- The Washington Times - Thursday, July 7, 2016

Libertarian Party presidential nominee Gary Johnson on Thursday said he wouldn’t be in the race for the White House with no opportunity to actually win — but he’s also fine if people want to label him a “spoiler” candidate.

“I will lose no sleep if that is the label given to me, and I will reiterate: This is a party that needs crashing,” Mr. Johnson said at a National Press Club luncheon. “What’s to spoil?”

Mr. Johnson, a former governor of New Mexico, said presumptive GOP presidential nominee Donald Trump’s comments about immigration are “incendiary” and that on the other side, government grows and taxes go up under Democrats.

Mr. Johnson and former Massachusetts Gov. Bill Weld, the Libertarian Party’s vice presidential nominee, spoke shortly after Mr. Trump met with House and Senate Republicans across town on Capitol Hill.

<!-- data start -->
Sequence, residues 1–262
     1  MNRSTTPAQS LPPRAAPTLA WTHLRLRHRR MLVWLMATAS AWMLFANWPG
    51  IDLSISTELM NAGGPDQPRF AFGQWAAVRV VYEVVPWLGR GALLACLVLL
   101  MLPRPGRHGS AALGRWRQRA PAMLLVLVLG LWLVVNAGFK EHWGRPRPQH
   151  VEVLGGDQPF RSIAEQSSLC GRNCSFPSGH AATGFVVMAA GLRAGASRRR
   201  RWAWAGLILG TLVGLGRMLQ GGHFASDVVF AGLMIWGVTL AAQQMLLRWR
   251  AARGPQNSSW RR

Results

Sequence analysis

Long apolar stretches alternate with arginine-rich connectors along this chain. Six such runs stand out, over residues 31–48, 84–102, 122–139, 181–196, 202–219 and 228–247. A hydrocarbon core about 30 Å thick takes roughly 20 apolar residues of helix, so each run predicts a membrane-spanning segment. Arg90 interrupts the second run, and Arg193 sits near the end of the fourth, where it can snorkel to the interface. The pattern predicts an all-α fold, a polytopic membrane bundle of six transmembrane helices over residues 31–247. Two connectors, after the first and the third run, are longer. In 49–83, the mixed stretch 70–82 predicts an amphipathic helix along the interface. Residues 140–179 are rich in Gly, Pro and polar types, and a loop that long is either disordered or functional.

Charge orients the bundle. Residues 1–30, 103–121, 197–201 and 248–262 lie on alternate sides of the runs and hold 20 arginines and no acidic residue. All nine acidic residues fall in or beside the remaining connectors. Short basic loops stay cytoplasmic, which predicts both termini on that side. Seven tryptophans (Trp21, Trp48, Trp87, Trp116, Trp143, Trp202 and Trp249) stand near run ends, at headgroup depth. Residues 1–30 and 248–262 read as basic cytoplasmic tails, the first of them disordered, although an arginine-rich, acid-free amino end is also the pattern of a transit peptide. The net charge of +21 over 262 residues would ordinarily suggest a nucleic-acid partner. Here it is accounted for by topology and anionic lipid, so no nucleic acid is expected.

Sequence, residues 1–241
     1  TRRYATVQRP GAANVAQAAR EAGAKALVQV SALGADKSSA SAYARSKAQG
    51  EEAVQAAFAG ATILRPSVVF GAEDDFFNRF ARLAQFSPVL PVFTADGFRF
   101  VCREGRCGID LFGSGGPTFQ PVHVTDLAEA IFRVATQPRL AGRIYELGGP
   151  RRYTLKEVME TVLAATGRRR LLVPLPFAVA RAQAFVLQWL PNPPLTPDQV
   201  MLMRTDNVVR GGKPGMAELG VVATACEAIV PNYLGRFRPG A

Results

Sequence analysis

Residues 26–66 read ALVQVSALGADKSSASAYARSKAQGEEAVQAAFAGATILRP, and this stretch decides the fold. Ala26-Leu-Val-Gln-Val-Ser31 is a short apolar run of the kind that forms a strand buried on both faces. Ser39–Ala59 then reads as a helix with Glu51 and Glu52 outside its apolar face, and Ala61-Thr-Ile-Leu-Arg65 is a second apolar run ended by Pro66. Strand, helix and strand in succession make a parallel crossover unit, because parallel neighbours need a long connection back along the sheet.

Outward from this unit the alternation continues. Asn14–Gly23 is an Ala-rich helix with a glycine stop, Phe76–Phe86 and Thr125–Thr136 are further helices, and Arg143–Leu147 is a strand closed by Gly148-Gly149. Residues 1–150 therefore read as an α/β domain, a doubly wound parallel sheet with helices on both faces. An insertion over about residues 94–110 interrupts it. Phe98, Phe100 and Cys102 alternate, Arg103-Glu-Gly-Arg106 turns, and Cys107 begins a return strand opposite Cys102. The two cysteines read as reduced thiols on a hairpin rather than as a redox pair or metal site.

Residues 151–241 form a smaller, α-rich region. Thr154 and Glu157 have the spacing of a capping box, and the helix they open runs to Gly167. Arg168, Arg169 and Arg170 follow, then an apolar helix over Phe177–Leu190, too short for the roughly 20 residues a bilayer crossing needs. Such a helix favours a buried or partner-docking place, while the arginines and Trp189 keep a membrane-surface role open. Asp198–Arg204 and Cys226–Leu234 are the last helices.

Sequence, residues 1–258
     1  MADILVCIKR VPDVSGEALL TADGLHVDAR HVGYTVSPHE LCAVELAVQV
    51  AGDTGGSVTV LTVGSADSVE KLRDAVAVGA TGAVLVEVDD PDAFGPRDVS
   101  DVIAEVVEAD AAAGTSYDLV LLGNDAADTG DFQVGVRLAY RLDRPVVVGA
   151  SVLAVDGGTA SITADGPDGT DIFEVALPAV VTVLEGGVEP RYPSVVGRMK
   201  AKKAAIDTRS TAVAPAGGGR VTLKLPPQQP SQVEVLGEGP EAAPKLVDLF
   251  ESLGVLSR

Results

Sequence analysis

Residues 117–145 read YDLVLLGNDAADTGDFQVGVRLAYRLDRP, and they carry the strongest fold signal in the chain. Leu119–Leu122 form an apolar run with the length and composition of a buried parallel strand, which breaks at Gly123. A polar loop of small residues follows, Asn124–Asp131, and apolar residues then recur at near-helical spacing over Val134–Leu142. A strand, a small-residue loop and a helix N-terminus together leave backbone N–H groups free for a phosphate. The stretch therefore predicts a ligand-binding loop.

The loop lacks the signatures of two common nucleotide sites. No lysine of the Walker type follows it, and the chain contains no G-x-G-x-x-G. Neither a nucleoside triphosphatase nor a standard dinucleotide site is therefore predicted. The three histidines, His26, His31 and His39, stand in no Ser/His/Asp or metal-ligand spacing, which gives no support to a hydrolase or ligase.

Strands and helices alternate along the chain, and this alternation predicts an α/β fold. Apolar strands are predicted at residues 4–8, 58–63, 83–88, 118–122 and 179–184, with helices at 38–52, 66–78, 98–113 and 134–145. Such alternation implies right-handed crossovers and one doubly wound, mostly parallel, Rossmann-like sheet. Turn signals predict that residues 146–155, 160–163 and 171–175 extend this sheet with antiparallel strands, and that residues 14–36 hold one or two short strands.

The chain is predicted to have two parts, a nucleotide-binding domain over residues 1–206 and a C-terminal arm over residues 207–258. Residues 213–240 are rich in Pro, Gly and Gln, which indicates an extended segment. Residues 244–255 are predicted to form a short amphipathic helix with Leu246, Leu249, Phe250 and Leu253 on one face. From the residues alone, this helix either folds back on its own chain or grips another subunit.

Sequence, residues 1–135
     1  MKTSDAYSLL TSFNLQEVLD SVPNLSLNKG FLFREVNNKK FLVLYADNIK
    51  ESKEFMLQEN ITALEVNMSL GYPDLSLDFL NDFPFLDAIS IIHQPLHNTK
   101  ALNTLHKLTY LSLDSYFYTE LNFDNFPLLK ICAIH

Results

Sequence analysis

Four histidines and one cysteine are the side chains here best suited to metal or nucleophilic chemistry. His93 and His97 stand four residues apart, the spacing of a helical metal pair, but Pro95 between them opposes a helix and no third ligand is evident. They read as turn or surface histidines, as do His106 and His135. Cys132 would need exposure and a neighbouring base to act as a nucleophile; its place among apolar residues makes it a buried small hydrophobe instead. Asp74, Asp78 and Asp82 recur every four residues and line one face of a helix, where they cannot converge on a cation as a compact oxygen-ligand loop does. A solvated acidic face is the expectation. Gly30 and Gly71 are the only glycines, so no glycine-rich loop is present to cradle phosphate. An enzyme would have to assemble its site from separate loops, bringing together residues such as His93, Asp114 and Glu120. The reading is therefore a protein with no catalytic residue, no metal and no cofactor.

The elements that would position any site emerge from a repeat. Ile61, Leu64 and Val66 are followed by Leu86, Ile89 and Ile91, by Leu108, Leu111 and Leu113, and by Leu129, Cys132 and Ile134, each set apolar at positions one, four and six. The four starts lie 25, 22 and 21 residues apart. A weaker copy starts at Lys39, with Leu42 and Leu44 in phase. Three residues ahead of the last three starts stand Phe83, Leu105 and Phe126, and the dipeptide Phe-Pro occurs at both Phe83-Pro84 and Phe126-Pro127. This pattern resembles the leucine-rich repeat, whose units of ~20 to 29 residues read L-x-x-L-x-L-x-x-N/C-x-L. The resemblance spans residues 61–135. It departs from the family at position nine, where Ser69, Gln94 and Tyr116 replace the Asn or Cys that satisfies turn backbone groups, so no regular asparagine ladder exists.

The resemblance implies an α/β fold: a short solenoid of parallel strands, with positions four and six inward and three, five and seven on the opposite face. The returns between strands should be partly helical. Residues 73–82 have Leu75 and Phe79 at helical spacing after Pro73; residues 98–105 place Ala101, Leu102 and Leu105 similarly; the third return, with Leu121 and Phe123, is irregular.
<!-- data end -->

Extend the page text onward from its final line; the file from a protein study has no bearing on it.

The two also spoke as FBI Director James B. Comey was testifying on Capitol Hill about his decision not to recommend charges in the investigation into likely Democratic presidential nominee Hillary Clinton’s private email set-up.

“I’ve not been as troubled by the whole email affair as many have,” Mr. Weld said. “I thought Jim Comey did a good job with it, and I thought his conclusion that no reasonable prosecutor would indict that case was [a] correct conclusion.”

Mr. Johnson has previously said he didn’t think there was criminal intent on the part of Mrs. Clinton.

Mr. Johnson also reiterated his contention that the only chance Libertarians have of winning is if he can get into the presidential debates.

That would require polling at 15 percent or higher in national polls, and he’s at about 7 percent in the latest Real Clear Politics average in a four-way contest against Mr. Trump, Mrs. Clinton and Green Party candidate Jill Stein.

“We think we’ll get to the 15 percent. We think we’ll be in the presidential debates,” Mr. Johnson said. “We think anything can happen at that point. And I am speaking to the fact that we have the two most polarizing figures in America today.”

“If Mickey Mouse were the third name in any of these polls, Mickey would be polling at 30 because Mickey is a known commodity,” he said. “But Mickey’s not on the ballot in all 50 states, and Bill and I are.”

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